The specific methods to achieve this diversity within elections for the local Station Boards (LSBs) and the Pacifica National Board shall include, but not be limited to, the following:
1. Each local station Committee of Inclusion (COI) shall gather and analyze all available demographic data on the make-up of the signal area as defined by FCC signal area maps. Such data shall not be limited to that provided by the federal census, but should also include studies by reputable academic and community organizations that seek to correct for census undercounts or non-surveying of particular groups. Each COI shall also gather and analyze all available demographic data and studies on the make-up of the existing audience of the local station.
2. The final analysis of the COI for the relevant signal area shall give consideration of the data for both potential and existing audiences.
3. Based on this analysis, each COI shall have two sets of goals:
a. Percentage goals for inclusion in the pool of nominees for the LSB. These shall cover groups that are disenfranchised and/or underrepresented based on their race, nationality, language, gender, sexual orientation and disability. Goals shall be set not only for broad categories of disenfranchised or underrepresented people (e.g., people of color), but also for subgroups identified by the COI as important for helping the Foundation fulfill its mission. The goals shall include at least one nominee for each designated group or subgroup even if demographically that group or subgroup falls below the percentage threshold represented by one seat (e.g., even if, say, indigenous people constitute less than 1/24th of the signal area population).
b. Goals for the major language groups of underrepresented and disenfranchised groups in the signal areas into which translations of election materials and broadcasts shall be provided.
3. Each COI shall coordinate with, and monitor efforts by, the station's management, paid and unpaid staff, station Outreach Coordinator (where provided for), LSB Outreach Committee, and LSB Election Committee to develop an election outreach plan which includes the following:
a. Prioritization of outreach and distribution of both general station and election literature to neighborhoods, communities and organizations of identified underrepresented and disenfranchised groups, and designating the majority of any funds available for outreach to be targeted to those population groups.
b. Broadcasting, as early as feasible before or during the nomination period, special segments and programs prepared by and for populations designated by the COI concerning issues of concern to those populations, broadcast in languages that meet the language goals of the COI.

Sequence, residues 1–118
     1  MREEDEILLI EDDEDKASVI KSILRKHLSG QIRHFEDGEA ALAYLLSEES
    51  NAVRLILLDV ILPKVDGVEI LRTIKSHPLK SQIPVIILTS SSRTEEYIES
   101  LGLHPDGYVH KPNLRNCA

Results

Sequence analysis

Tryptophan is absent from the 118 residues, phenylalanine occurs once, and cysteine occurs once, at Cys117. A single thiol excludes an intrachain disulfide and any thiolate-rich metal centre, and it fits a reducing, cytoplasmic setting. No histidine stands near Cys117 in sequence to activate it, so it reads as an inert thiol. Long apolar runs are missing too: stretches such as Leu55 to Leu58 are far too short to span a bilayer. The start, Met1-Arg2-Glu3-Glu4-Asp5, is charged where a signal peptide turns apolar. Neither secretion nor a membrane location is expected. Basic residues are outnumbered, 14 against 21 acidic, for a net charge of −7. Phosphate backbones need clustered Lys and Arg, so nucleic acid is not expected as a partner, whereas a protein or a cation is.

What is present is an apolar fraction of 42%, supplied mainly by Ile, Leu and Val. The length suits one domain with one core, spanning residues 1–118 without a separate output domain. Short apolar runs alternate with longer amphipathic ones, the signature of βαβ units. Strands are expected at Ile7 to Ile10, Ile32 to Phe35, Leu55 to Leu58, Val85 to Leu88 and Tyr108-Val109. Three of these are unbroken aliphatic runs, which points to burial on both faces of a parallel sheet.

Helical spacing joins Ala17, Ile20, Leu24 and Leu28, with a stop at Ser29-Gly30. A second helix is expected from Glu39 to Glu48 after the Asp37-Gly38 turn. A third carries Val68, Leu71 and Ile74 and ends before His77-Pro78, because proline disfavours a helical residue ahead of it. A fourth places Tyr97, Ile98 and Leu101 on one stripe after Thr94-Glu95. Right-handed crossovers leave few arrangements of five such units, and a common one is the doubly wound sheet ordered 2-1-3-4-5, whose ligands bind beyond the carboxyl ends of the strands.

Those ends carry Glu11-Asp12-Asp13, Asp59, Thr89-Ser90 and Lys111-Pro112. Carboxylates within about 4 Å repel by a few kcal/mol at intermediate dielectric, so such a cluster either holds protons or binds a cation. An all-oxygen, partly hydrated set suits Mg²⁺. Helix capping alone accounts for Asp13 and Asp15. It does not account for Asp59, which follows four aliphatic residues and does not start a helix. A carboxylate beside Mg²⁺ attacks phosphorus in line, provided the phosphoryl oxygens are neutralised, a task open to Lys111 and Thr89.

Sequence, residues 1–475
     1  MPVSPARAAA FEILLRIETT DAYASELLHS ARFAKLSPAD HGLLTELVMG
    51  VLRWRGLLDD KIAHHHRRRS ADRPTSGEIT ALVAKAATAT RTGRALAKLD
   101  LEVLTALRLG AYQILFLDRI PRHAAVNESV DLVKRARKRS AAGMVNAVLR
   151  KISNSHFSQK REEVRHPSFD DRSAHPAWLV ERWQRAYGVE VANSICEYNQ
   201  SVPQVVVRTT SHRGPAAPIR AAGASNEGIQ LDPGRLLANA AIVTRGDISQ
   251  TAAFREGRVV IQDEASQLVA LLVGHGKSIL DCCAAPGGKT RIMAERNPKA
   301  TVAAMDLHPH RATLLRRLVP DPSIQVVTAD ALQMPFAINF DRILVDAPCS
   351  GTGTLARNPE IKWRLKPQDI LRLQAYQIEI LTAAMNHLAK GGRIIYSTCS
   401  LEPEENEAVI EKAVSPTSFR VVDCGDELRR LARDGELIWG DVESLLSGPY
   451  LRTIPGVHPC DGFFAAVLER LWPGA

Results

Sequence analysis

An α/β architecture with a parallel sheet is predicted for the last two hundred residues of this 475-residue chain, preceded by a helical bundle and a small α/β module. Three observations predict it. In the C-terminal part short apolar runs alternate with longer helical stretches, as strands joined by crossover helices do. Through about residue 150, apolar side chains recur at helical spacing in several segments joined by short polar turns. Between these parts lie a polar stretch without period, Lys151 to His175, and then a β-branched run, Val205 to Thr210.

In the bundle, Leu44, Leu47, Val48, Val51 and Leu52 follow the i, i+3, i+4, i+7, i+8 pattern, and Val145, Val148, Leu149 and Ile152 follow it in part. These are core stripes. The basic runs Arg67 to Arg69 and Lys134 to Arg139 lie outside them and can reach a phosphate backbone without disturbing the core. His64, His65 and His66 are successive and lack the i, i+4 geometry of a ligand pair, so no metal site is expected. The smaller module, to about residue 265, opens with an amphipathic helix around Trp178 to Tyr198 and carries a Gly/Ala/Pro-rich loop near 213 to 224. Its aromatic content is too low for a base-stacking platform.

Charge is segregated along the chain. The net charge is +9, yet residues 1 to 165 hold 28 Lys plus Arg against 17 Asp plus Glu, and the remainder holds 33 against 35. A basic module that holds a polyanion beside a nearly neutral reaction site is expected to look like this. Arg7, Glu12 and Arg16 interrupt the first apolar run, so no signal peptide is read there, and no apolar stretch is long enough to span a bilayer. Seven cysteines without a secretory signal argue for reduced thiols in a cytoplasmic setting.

c. Distribution of nomination/election literature and the production of broadcast carts encouraging election participation and seeking outreach volunteers from targeted population groups, all prepared according to the language goals of the COI.
4. Each COI shall create, maintain and publicly post a chart at the local station and on the station's Website showing: a) the population groups to which targeted outreach has been done; and b) the number of LSB nominees to date from each such group and how far short, if any, that number is from the goal for the pool of nominees.
5. On the thirtieth day of the nomination period, each COI shall issue a written and oral report to the LSB and the public (available at the station and on the station's Website) detailing its work to date, the then-current nominee totals broken down according to the demographic categories, and any recommendations for action to correct any deficiencies in outreach and candidate recruitment activities.
6. The Committee of Inclusion of the Pacifica National Board shall compile the goals set by each local COI and shall use that compilation to determine national goals for inclusion of underrepresented and disenfranchised groups on the Pacifica National Board, based on both the combined population data and the Foundation's mission.
Questions and Answers
1. If we are to be sued, what is the worst that could happen? What case law has language we could use?
A: The Court could find that the Plan violates certain groups' rights. The Court would order the Plan not to be implemented. Unless there was evidence that someone had incurred compensatory damages by reason of the implementation of the Plan, Pacifica would not be liable for money damages. Whether Pacifica would be liable for attorney's fees and the amount of those fees, cannot be answered without knowing the nature of the legal challenge. With reference to case law language that could be used to support the Affirmative Action Plan, the cases and legal discussions concerning diversity in the media are most helpful because diversity, which has a recognized connection with diversity in the composition of the media entity, has been a protected goal for the media industry.
2. Does using a specified number (re: demographic categories) make an institution more vulnerable to legal attack?